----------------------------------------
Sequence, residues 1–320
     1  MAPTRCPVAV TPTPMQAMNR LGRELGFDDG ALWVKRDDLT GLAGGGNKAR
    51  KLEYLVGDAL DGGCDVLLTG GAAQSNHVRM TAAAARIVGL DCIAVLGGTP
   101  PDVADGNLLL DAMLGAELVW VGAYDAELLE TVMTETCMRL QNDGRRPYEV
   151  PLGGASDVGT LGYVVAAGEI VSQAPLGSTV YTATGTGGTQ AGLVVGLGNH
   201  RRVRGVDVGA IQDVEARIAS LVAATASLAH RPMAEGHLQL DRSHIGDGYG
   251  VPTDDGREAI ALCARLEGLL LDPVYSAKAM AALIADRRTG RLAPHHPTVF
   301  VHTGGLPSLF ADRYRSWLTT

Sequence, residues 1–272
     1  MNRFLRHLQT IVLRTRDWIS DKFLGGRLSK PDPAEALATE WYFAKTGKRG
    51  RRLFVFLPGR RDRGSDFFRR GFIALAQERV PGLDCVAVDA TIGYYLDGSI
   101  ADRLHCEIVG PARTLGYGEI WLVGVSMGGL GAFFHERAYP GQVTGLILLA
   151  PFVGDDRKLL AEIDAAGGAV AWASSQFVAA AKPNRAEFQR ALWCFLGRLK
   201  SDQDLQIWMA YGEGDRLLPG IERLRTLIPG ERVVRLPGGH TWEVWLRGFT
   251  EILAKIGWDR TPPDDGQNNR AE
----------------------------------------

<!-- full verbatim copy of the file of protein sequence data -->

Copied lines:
Sequence, residues 1–320
     1  MAPTRCPVAV TPTPMQAMNR LGRELGFDDG ALWVKRDDLT GLAGGGNKAR
    51  KLEYLVGDAL DGGCDVLLTG GAAQSNHVRM TAAAARIVGL DCIAVLGGTP
   101  PDVADGNLLL DAMLGAELVW VGAYDAELLE TVMTETCMRL QNDGRRPYEV
   151  PLGGASDVGT LGYVVAAGEI VSQAPLGSTV YTATGTGGTQ AGLVVGLGNH
   201  RRVRGVDVGA IQDVEARIAS LVAATASLAH RPMAEGHLQL DRSHIGDGYG
   251  VPTDDGREAI ALCARLEGLL LDPVYSAKAM AALIADRRTG RLAPHHPTVF
   301  VHTGGLPSLF ADRYRSWLTT

Sequence, residues 1–272
     1  MNRFLRHLQT IVLRTRDWIS DKFLGGRLSK PDPAEALATE WYFAKTGKRG
    51  RRLFVFLPGR RDRGSDFFRR GFIALAQERV PGLDCVAVDA TIGYYLDGSI
   101  ADRLHCEIVG PARTLGYGEI WLVGVSMGGL GAFFHERAYP GQVTGLILLA
   151  PFVGDDRKLL AEIDAAGGAV AWASSQFVAA AKPNRAEFQR ALWCFLGRLK
   201  SDQDLQIWMA YGEGDRLLPG IERLRTLIPG ERVVRLPGGH TWEVWLRGFT
   251  EILAKIGWDR TPPDDGQNNR AE